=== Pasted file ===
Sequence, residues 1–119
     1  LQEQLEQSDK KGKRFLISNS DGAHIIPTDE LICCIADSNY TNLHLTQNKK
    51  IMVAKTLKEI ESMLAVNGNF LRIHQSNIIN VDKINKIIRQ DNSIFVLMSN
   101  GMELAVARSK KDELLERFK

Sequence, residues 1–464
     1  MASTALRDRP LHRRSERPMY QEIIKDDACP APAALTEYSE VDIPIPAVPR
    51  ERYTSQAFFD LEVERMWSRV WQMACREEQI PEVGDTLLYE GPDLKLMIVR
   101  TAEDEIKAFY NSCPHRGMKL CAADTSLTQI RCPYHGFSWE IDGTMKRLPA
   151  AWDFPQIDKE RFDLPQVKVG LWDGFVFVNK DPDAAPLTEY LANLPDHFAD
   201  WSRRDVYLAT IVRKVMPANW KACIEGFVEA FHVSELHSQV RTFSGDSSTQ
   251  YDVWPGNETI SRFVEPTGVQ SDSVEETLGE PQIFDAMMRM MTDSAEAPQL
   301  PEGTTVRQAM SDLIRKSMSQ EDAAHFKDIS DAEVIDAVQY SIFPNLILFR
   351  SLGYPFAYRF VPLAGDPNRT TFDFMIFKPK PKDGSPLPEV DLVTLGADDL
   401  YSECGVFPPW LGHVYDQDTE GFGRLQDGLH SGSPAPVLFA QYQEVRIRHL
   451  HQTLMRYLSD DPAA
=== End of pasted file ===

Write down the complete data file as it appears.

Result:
Sequence, residues 1–119
     1  LQEQLEQSDK KGKRFLISNS DGAHIIPTDE LICCIADSNY TNLHLTQNKK
    51  IMVAKTLKEI ESMLAVNGNF LRIHQSNIIN VDKINKIIRQ DNSIFVLMSN
   101  GMELAVARSK KDELLERFK

Sequence, residues 1–464
     1  MASTALRDRP LHRRSERPMY QEIIKDDACP APAALTEYSE VDIPIPAVPR
    51  ERYTSQAFFD LEVERMWSRV WQMACREEQI PEVGDTLLYE GPDLKLMIVR
   101  TAEDEIKAFY NSCPHRGMKL CAADTSLTQI RCPYHGFSWE IDGTMKRLPA
   151  AWDFPQIDKE RFDLPQVKVG LWDGFVFVNK DPDAAPLTEY LANLPDHFAD
   201  WSRRDVYLAT IVRKVMPANW KACIEGFVEA FHVSELHSQV RTFSGDSSTQ
   251  YDVWPGNETI SRFVEPTGVQ SDSVEETLGE PQIFDAMMRM MTDSAEAPQL
   301  PEGTTVRQAM SDLIRKSMSQ EDAAHFKDIS DAEVIDAVQY SIFPNLILFR
   351  SLGYPFAYRF VPLAGDPNRT TFDFMIFKPK PKDGSPLPEV DLVTLGADDL
   401  YSECGVFPPW LGHVYDQDTE GFGRLQDGLH SGSPAPVLFA QYQEVRIRHL
   451  HQTLMRYLSD DPAA